Destination List > Channel Islands National Park

Channel Islands National Park

Photo by David Fulmer

The history...

Channel Islands National Park consists of five of the eight Channel Islands off the Pacific coast of California. Although the islands are close to the shore of the densely populated state, they have been relatively undeveloped. The park covers 249,561 acres, of which 79,019 acres are federal land. The Nature Conservancy owns and manages 76% of Santa Cruz Island, the largest of the eight.

The islands are home to significant natural and cultural resources, resulting in several designations. All eight islands became a biosphere reserve under UNESCO in 1976.

Radiocarbon dating of a fire area near Arlington Canyon on Santa Rosa Island shows human activity from at least 37,000 years ago.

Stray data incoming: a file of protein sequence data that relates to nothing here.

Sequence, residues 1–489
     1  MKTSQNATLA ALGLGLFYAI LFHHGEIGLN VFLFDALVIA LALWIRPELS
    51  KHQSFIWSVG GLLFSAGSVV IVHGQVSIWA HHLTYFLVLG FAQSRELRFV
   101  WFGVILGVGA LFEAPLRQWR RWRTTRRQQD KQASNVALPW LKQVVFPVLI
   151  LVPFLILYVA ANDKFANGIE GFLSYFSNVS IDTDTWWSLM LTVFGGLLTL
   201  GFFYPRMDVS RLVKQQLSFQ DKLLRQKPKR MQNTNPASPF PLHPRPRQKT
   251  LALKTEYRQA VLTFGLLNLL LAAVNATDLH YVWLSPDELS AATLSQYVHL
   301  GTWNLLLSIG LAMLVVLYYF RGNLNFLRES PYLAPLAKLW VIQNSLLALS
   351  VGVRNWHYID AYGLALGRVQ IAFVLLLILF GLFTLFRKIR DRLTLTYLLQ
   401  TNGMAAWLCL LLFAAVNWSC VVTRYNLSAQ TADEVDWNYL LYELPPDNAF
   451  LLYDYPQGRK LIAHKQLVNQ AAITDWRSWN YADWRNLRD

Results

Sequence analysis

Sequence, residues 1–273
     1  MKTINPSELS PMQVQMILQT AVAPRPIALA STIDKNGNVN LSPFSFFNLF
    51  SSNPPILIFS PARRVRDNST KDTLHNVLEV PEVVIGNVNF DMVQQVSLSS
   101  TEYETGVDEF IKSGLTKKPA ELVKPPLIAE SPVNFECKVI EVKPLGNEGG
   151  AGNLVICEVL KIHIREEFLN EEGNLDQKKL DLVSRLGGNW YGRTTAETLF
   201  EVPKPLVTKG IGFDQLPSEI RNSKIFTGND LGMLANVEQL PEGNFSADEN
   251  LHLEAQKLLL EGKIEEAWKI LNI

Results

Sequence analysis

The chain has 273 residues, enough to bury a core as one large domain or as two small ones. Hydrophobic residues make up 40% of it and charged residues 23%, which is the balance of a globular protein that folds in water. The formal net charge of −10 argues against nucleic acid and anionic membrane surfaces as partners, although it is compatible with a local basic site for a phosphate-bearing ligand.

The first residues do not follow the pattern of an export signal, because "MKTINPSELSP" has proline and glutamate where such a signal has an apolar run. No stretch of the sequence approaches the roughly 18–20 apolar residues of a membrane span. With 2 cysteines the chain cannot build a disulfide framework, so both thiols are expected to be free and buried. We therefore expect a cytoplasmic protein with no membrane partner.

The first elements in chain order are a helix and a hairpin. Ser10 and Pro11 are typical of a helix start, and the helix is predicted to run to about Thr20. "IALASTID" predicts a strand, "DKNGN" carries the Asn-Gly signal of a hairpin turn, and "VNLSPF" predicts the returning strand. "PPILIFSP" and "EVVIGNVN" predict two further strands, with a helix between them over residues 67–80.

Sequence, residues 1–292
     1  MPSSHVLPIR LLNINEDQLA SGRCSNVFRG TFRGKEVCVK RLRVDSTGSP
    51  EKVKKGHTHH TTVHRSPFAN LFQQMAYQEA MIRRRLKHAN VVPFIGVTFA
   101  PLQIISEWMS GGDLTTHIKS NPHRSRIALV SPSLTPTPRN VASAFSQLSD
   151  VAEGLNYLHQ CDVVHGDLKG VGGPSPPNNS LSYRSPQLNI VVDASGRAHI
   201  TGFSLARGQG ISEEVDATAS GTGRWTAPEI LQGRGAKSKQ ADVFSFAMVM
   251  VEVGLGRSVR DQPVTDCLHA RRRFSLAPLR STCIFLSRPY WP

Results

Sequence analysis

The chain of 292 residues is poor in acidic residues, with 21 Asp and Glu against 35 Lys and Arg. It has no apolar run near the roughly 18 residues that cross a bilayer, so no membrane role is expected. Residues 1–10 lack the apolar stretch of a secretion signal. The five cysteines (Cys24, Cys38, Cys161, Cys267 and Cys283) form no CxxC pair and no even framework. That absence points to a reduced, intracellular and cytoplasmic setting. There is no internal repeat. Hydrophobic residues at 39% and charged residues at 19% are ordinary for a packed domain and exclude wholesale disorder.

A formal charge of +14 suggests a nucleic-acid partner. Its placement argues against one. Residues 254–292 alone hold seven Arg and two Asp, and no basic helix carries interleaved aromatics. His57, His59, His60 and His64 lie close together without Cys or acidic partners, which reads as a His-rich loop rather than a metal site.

Juan Rodríguez Cabrillo first observed the islands in 1542. The three northern channel islands were inhabited by an estimated two to three thousand Chumash, with eleven villages on Santa Cruz, eight on Santa Rosa, and two on San Miguel.

In 1938 the Santa Barbara and Anacapa islands were designated a national monument. San Miguel, Santa Rosa and Santa Cruz islands were combined with the monument in 1980 to form modern-day Channel Islands National Park.


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